LA County ports to levy fees on containers that remain too long after being unloaded


LOS ANGELES (KTLA) — Backups at the ports of Los Angeles and Long Beach are affecting many facets of American life, as delays ripple through the U.S. supply chain.

Public officials are doing what they can to ease the backlog, including the Long Beach Board of Harbor Commissioners, which Friday announced a new fee on carriers who slow down the unloading process.

The Port of Los Angeles’ board approved an identical measure Friday, the Long Beach commissioners announced in a news release.

“Containers that linger too long on the docks are delaying the berthing of vessels, leading to record numbers of ships waiting off the coast, and consumers and businesses across the U.S. left waiting for crucial shipments,” the commissioners said.

The Container Excess Dwell Fee will go into effect Monday, though it won’t be assessed until Nov. 15.

The fee will be assessed for cargo containers that have dwelt at the port for six or nine days, depending if the container is traveling by rail or truck, respectively.

Before the backlog, containers were typically left for fewer than four days at terminals, but recently, approximately 40 percent of containers are left for nine days or more, officials said.

“This is the nation’s leading cargo gateway, and this crisis has national impacts. We need to take action to facilitate the rapid movement of cargo through the supply chain, and this plan will help,” Port of Long Beach Executive Director Mario Cordero said. “Combined with our push for expanded hours of operation, more space for containers and other measures, we are determined to eliminate the backlog.”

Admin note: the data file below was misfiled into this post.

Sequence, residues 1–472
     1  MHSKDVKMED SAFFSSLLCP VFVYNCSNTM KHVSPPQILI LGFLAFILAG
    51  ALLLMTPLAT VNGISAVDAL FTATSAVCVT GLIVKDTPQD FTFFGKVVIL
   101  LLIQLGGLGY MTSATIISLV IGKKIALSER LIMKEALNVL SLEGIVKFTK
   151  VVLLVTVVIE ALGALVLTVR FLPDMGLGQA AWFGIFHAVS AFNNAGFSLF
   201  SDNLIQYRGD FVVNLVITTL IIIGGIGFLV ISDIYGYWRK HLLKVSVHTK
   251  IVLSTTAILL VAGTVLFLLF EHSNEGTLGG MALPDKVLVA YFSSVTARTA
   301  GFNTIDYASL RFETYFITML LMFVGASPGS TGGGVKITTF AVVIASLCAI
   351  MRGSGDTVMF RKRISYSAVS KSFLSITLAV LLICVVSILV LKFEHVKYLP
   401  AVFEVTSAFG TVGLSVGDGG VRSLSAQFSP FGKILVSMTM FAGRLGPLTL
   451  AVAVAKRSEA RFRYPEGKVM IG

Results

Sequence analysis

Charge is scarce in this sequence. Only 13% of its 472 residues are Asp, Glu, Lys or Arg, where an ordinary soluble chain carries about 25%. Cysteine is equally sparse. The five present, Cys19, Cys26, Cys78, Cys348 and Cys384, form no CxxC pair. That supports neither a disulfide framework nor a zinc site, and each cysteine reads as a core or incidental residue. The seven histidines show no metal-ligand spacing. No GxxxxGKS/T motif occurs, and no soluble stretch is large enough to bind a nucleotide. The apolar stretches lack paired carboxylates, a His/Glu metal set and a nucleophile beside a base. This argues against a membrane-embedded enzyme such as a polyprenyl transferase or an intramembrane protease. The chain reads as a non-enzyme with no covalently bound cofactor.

The amount of the fee will increase by $100 for each day until the container leaves the terminal, officials said, adding that the collected fees “will be re-invested for programs designed to enhance efficiency, accelerate cargo velocity, and address congestion impacts.”

“This is the latest step in our collaborative efforts to ensure a more efficient supply chain. We’re not doing this to collect revenue — we need those containers to be moved off our terminals promptly,” said Steven Neal, Harbor Commission president. “We will do everything within our power to help our supply chain partners overcome the current challenges.”

The ports have been working with President Joe Biden’s Supply Chain Disruption Task Force, and in the long term, U.S. Secretary of Transportation Pete Buttigieg and Gov. Gavin Newsom announced that $5 billion in loans will be available to help modernize the ports.

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